Multan trip part 2. Apologies for late share… was able to take photographs at the tombs of Shah Shams Sabazwari often confused with Shah Shams Tabrizi (which my cousin corrected me on), Bahaudin Zikaraya and old city.
I know it might sound morbid but the beautiful blue and white pottery design I saw on the graves around the Bahaudin Zikarya tomb has really made me tell my family that I want that on mine whenever the time comes. They do it so elegantly, with a narrow slab of these intricate design and Quranic calligraphy in it.
It is amazing to see how people devote their whole lives travelling and living at such places. So many of them are so confident that everything they have is through these saints. They tie these threads around the grills of the tomb with a hope that whatever they are wishing for will stay there and the Saints will help them get that. But overall the art, design and beauty you find in Multan is amazing - if you thought truck art is the best thing about Pakistan, wait till you get to Multan!
p.s. I need to get back on flickr it has been over a year since I last posted anything there.
The English expressions coined in WW1
After the introduction of conscription in 1916, the distinction between soldiers and civilians became less clear, and vocabulary passed readily from one group to the other. This is the case with a number of words borrowed from Indian languages by the British military in the 19th Century, perhaps the most well-known of which is Blighty. The Urdu words vilayat (“inhabited country”, specifically Europe or Britain) and vilayati (“foreign”, or “British, English, European”) were borrowed by the British in the 19th Century. Both are still used in South Asian English. But it was the regional variant bilayati - rendered as Blighty in English and meaning “Britain, England, home” - which really took off in Britain. Although it was first used during the Boer war, it was not until WW1 that Blighty spread widely and developed new meanings. A blighty wound was a wound sufficiently serious to merit being sent home, and one might also be hit by a blighty bullet inflicting such a wound. Similarly, cushy (“easy, comfortable”) was borrowed from Urdu kusi in the 19th Century, but spread to civilian use only in WW1. (complete)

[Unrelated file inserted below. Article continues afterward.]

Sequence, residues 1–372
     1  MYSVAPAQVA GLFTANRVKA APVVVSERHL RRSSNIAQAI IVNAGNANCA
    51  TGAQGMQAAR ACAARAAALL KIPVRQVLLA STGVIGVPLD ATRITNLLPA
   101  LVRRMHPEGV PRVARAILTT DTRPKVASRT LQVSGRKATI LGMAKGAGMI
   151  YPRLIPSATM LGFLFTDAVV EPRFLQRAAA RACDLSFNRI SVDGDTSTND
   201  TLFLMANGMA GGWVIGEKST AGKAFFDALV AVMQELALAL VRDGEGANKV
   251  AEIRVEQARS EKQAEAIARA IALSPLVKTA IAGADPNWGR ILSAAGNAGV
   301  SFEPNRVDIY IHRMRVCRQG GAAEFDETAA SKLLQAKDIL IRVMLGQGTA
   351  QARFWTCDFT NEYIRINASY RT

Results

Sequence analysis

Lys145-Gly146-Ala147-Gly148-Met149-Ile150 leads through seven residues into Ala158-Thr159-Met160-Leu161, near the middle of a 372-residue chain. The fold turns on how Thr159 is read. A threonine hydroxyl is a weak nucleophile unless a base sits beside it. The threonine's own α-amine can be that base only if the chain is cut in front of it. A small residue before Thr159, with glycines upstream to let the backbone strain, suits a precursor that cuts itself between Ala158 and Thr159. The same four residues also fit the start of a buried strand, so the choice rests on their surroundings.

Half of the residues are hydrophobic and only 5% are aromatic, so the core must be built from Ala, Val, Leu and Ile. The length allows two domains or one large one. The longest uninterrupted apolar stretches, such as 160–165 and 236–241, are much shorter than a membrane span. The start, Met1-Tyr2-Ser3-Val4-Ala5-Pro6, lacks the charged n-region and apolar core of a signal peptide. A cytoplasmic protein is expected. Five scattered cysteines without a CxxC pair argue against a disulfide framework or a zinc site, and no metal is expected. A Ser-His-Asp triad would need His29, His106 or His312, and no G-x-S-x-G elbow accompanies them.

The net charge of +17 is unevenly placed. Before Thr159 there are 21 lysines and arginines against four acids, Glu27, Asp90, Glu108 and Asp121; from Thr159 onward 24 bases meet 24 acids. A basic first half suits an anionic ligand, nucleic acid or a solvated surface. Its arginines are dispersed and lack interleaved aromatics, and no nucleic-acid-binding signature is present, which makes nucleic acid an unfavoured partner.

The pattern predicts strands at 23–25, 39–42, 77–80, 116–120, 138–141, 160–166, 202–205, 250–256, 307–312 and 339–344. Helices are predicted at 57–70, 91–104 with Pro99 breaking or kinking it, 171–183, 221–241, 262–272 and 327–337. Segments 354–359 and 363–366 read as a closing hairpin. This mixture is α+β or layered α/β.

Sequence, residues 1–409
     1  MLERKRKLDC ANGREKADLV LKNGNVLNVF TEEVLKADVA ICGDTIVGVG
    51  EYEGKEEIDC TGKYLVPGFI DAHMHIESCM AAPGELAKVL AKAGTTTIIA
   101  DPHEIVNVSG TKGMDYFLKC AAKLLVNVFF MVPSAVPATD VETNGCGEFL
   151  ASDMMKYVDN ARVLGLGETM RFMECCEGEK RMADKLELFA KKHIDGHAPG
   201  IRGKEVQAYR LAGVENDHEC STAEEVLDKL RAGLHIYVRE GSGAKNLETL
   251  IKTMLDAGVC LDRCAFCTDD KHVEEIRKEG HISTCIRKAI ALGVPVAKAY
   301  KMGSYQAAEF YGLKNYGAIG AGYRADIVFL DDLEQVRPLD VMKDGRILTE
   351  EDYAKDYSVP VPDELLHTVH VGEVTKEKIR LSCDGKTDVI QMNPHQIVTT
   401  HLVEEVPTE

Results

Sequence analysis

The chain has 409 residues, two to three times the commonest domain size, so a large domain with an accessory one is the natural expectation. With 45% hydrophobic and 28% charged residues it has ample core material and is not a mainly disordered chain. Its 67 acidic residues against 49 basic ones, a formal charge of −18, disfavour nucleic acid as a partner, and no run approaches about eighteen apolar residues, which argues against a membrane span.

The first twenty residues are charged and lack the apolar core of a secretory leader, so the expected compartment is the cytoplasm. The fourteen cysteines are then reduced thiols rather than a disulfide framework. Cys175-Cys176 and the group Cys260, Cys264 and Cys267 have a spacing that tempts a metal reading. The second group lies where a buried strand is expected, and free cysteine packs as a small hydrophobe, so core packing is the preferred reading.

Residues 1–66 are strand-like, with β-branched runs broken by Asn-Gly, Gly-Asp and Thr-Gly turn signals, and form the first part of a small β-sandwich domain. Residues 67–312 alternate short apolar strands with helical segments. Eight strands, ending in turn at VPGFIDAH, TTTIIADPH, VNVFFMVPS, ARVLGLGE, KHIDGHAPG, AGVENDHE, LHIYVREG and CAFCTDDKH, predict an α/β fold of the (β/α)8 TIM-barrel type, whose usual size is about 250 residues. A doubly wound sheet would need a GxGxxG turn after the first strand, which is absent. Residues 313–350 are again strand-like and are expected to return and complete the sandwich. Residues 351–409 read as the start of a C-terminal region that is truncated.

Multan trip: I don’t know why, but Multan has always been this very magical city for me (at least inside my head) and with all the extensive travelling I like to believe I have done - I had never been there before! Finally on this 8-9th February some work took me there and these are some of the things I saw.
There is a famous Persian saying: چهار چيز است تحفه در مولتان…..گرد وگرما گدا و گورستان (Chahar Cheez Ast Tohfa e Mooltan; Gard, Garmi, Gadda, Gooristan) which roughly translate as "Four things are Gifts of Multan: Dust, Summer, Beggars & Graveyards". Let’s just say that is cent percent true!
Personally I am not a “shrine and saints” kind of a guy, but there is this certain tranquil aura in the old part of the city that with all the chaotic traffic (it is worse than Lahore by manyfold!) and hassling of beggars you feel so much calm.
It was truly wonderful to be in such an interesting city, will be posting another set of photos tomorrow. (via umalik)
Shrine of Shah Rukn Alam (via umalik)
Traditional shoes from Multan (aka Multani khusa - at Hussain Agahi via umalik)
More details here.
Beautiful details on the ceiling at this shrine. (at Shrine of Shah Shams Tabrez via umalik)
More details on the Shah Shams can be found here.
Tourism Corporation of Khyber-Pakhtunkhwa’s new train service from Peshawar to Attock passes by many historical sites. (complete slideshow)
Some pictures from recent trip to Kashmir and the Line of Control (LoC) at Chakothi-Uri dividing the State between Pakistan and India (2-3rd January 2014)
Thankfully now things have improved for better with 4 days of trade taking place between the two countries and one day of visitor exchange. Hopefully one day I will be able to travel without any hassle in my car to Srinagar, drink that awesome salted tea and be back home. (via umalik)
Pakistan’s silent revolution
Charity for science
An imaginary circle of less than three kilometers encompasses what can safely be described as the hub for science in Karachi, Pakistan. Built with funds donated by individuals and groups from across the country in the last 50 years, the five centers for research that dot this particular area of Karachi University are now torch bearers in their respective fields.
Of these five centers, one is the only institute for human clinical trials in Pakistan, the other a core of computational biology and the third provides consultancy to people suffering from genetic diseases.
Besides world class research, these centers are also engaged in creating competent academia, providing solutions to hundreds of industries, as well as lending a hand in addressing various domestic issues.
The centers and their growth have been working towards what has been termed as a ‘silent revolution’ and had been described by Professor Wolfgang Voelter of Tubingen University as a ‘miracle.’ (more)
This is the historic visit of Mohtarma Fatima Jinnah in 1953 at de”montmorency college of dentistry. Picture taken in the prosthodontic Laboratory. L to R Dr Zia ul Hassan, principal Dr Hassan Raza Shah, Dr A R Sheikh, Health Minister, ? Dr Abbas Haider. This description is given by Prof. B A Yazdanie was also present at the time.